Batting concerns remain, but with the ball in hand England have been rampant, with almost everything going their way.
Perhaps nothing sums this up better than the performance of Stuart Broad on the final day at Lord’s on Sunday.
While for two Tests the majority of England’s bowlers had been firing on all cylinders, Broad had looked far from his best. There had been a lively spell at the start of India’s second innings at Edgbaston, but that was about it. By the time India’s second innings at Lord’s started he had three wickets in the series at an average of 40.
That innings started inauspiciously too, the new ball taken out of his hands after just three overs and handed to England’s new golden boy Chris Woakes, and while he returned and picked up the wicket of Ajinkya Rahane – for the fifth time in Tests – that was more a case of a loose shot than brilliant bowling.
Things were not looking great for Broad, who had at this point found the least swing and the least seam movement of any England bowler in the innings. Might he be dropped or perhaps, more tactfully, ‘rested’ for the next Test? It did not seem beyond the realms of possibility.
Broad though had other ideas, producing a spell to ensure that he was no longer being left behind by the exploits of his teammates. First he removed Cheteshwar Pujara, who had until that point been leaving well and looked the most capable Indian batsman at dealing with England’s swing assault. He had not however counted on Broad producing the ball that swung more than any other in the innings, an enormous in-swinger that promptly cannoned into his off stump.
Not content with just prodigious swing, Broad then removed Virat Kohli with a delivery that jagged back sharply off the seam – no ball did more off the pitch in the innings – before producing the second biggest swinging delivery of the innings the very next ball to remove Dinesh Karthik.
Unfortunately for Broad, he neither completed a record-breaking third Test hat-trick, nor got to continue bowling much longer, rain forcing the players off for an early Tea. However, in that spell before the break he sent down seven overs with four maidens, taking four wickets for just seven runs – during which he produced 11 other chances that didn't lead to wickets, all while India only managed to score runs off three balls.
While Broad’s dramatic rediscovery of his magic touch highlights how well just about everything seems to have gone for England’s bowlers so far, the evidence has been there throughout the series.
Before it began however there were legitimate concerns about the strength in depth of England’s bowling attack – the new ball pairing of Anderson and Broad might be fearsome, but after them was the cupboard looking a little bare? The inclusion in the first Test squad of uncapped and untested Jamie Porter and 20-year-old Sam Curran – with just one cap to his name and consensus being his future might predominantly be as a batsman – seemed to indicate it might be.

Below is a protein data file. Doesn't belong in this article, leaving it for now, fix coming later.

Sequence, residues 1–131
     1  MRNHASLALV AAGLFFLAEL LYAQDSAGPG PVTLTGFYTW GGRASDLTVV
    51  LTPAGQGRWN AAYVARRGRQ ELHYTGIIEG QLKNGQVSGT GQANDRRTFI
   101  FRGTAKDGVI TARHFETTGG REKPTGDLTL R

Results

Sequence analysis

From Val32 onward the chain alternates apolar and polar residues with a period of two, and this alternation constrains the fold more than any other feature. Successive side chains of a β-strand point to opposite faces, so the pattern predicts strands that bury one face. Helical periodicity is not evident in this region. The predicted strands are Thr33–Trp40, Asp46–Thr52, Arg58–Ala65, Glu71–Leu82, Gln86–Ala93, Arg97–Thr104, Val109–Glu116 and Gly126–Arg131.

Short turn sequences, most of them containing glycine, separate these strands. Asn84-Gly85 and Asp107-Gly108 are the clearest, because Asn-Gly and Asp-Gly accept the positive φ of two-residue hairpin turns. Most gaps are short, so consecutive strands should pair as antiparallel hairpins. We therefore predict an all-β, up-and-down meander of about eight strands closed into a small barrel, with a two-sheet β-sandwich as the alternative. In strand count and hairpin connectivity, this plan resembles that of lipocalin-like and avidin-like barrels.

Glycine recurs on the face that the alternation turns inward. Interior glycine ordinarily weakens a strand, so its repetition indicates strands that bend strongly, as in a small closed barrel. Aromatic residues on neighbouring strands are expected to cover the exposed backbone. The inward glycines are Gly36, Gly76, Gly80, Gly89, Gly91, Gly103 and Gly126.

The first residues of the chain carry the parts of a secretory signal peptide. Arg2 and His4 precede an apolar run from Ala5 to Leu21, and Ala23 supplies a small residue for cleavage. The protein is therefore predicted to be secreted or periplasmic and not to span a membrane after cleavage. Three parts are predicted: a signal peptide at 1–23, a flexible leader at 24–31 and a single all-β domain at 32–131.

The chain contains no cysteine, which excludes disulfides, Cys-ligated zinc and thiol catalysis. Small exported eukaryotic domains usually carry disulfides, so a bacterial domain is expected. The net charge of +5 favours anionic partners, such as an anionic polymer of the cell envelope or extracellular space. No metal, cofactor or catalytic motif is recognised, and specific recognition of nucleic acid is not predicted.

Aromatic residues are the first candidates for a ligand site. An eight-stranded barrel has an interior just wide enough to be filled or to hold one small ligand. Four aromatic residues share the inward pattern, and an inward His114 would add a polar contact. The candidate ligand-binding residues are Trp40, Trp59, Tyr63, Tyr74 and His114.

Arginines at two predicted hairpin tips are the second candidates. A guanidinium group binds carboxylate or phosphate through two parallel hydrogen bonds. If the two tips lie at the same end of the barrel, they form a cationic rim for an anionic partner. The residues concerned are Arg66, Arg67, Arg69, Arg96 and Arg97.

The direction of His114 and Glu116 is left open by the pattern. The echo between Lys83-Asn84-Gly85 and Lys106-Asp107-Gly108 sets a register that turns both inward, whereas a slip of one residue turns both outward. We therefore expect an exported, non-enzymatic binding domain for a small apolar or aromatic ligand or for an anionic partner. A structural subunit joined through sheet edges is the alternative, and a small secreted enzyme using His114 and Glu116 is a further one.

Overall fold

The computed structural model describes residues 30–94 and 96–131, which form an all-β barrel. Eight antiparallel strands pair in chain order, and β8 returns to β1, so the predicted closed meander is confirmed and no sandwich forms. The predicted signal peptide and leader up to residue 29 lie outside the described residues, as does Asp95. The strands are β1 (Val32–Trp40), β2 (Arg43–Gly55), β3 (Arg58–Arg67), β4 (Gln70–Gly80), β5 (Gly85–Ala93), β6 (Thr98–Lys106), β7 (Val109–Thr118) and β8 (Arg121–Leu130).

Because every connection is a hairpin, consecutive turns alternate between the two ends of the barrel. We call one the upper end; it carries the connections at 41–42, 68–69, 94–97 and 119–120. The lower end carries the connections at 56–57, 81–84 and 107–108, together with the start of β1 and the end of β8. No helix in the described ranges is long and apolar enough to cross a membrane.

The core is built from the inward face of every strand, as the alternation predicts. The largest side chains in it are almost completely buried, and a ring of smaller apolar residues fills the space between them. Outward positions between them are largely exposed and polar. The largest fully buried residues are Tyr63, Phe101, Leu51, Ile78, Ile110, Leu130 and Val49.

Concerns over Anderson and Broad’s recent injury troubles, a relentless schedule of five Tests in six weeks and injuries to Chris Woakes and Mark Wood only exacerbated this suggestion – with some even theorising that England’s fast bowling, long believed to be their biggest potential weapon against India this summer, could prove something of an Achilles heel.
That has dramatically proved not to be the case. Any worries about England’s strength in depth for now sated by performances with the ball that have seen India only manage totals of 274, 162, 107 and 130 in their four innings so far.
When India’s openers originally saw off Broad and Anderson in their first innings at Edgbaston, it was Curran who stepped up, removing the entire top three. When Kohli looked as if he would single-handedly lead India to victory on day four of the same Test, it was the turn of Ben Stokes to perform, backing up the masterful display of swing bowling he’d produced during India’s first innings.
Even with a fast bowling attack that appeared to be firing on all fronts, England were shorn of Stokes for the second Test, surely his absence would have some impact? Given how well everything else has gone so far with the ball for England, that the answer was a resounding no seems inevitable, but before Lord’s that was far from obvious.
Ultimately as anyone who paid even a fleeting moment’s notice to the second Test could tell you, everything worked out all right for England, Woakes coming in, bowling beautifully and making 137 not out as well.
Suddenly from worrying about strength in depth, England, should Stokes become available again any time soon, now have potential concerns about who to leave out of their side – not to mention the option of blooding Porter, whose recent County Championship record would suggest that he might also pose more than a fair share of problems to India’s batsmen.
As problems go it is not a bad one to have, and with the ball so far dominating the bat and India reeling from a fairly humiliating defeat at Lord’s, suddenly it looks like it is going to take something special to stop England’s bowlers running away with the series.
First Published: August 13, 2018, 7:32 PM IST